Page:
Post from Japan – Andrew Mottershead
It feels like there is a well earned hiatus in the Rules & Regs experience here in Yokohama. With 36 hours to go before we board flight back to the UK, and seven days to go before the presentation in Brighton, we’re packing up our stuff and introducing our work to some of the programmers gathered here at TPAM from Asia, North America and Europe.
I also find myself pausing to consider questions about the residency and the work we developed and presented last weekend. Skimming through our reasons for applying to the programme (written in November 2012) one thing we wanted to explore was how we could organise our collaboration during the residency whilst accompanied by, and caring for, our young daughter. Since her birth over a year ago, we have found it relatively easy to find time to work separately, but more difficult to find time where we can work together. We wanted to use the R&R framework to help us explore a strategy that would allow us to develop a work alongside each other, whilst not being ‘together’. It would also be a work that either of us could perform without the need for the other, whilst the other does the childcare.
To develop the work we decided the following; whilst one of us had the ‘book’ the other has the kid, with handovers equally informative about the status of both. Respecting each other’s creative time sounds simple but it has worked – you just have to guard against those handovers taking too long and timing those necessary joint decisions to coincide with naps.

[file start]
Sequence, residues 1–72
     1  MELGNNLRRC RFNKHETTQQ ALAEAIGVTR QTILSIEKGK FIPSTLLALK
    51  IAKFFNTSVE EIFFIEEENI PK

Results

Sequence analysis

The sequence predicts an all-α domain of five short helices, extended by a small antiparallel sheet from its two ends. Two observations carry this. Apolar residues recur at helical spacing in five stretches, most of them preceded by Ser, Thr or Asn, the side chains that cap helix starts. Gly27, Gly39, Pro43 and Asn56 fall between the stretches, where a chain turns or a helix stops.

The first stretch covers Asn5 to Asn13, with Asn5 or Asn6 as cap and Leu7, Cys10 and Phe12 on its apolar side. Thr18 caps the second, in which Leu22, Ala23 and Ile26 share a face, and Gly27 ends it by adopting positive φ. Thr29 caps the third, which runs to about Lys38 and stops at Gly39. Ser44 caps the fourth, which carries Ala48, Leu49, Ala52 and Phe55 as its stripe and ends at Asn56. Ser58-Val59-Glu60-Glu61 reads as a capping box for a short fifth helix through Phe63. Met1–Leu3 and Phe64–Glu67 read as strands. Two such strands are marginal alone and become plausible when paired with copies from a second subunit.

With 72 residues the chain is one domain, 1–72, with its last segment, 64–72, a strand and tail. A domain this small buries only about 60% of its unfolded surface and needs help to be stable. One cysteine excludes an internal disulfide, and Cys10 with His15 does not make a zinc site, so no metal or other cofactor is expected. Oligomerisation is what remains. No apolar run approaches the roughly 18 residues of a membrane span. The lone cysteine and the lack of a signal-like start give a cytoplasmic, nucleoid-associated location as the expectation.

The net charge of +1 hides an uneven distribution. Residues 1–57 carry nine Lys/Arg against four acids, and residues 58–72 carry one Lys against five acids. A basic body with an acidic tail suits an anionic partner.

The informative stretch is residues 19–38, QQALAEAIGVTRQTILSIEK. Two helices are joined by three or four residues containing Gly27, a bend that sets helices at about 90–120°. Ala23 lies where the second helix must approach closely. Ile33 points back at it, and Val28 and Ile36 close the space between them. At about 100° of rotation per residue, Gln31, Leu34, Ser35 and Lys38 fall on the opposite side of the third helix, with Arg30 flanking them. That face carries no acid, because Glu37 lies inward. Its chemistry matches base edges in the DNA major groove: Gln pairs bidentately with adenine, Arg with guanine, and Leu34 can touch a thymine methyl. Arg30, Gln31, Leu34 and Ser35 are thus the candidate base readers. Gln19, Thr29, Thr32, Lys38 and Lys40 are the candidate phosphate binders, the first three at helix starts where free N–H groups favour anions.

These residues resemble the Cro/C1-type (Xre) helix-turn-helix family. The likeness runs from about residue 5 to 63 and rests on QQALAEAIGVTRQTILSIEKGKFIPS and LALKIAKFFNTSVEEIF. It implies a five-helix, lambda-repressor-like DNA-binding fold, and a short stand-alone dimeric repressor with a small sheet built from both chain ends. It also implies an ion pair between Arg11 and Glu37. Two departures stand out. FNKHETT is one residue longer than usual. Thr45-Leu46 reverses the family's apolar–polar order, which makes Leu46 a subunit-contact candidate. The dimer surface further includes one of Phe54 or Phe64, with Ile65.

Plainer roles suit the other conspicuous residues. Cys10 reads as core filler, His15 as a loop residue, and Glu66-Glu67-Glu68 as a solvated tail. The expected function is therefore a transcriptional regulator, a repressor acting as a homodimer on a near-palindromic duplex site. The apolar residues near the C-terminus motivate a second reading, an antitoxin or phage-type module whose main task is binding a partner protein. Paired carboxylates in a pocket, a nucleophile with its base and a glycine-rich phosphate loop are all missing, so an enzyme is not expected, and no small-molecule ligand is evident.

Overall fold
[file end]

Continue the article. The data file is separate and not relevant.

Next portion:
We also had to deal with the not so small matter of making a work inside a theatre space for the first time – having made live, participatory art works outside the black box for 14 years.
The result is a work we’ve called ‘The River Flows Gently…” where we work with the audience and materials at hand to evoke a number of distinct soundscapes, using sounds that are possible to make with ‘our bodies, found objects and non-speech vocals’.
Performing and not performing the work has thrown up some different emotions, since we are used to standing side-by-side. It’s pretty exciting to ‘conduct’ the audience on my own, and it’s pretty infuriating not to have Rebecca witness and crit my performance. Of course, there’s a bit of me that wants to know how we compare to each other too. Apparently, I’m more gregarious, whilst Rebecca is more formal. Am wanting to be a ‘conductor’ or a ‘butler’.
A fair bit of feedback needs to be processed, before we fix on the Brighton presentation.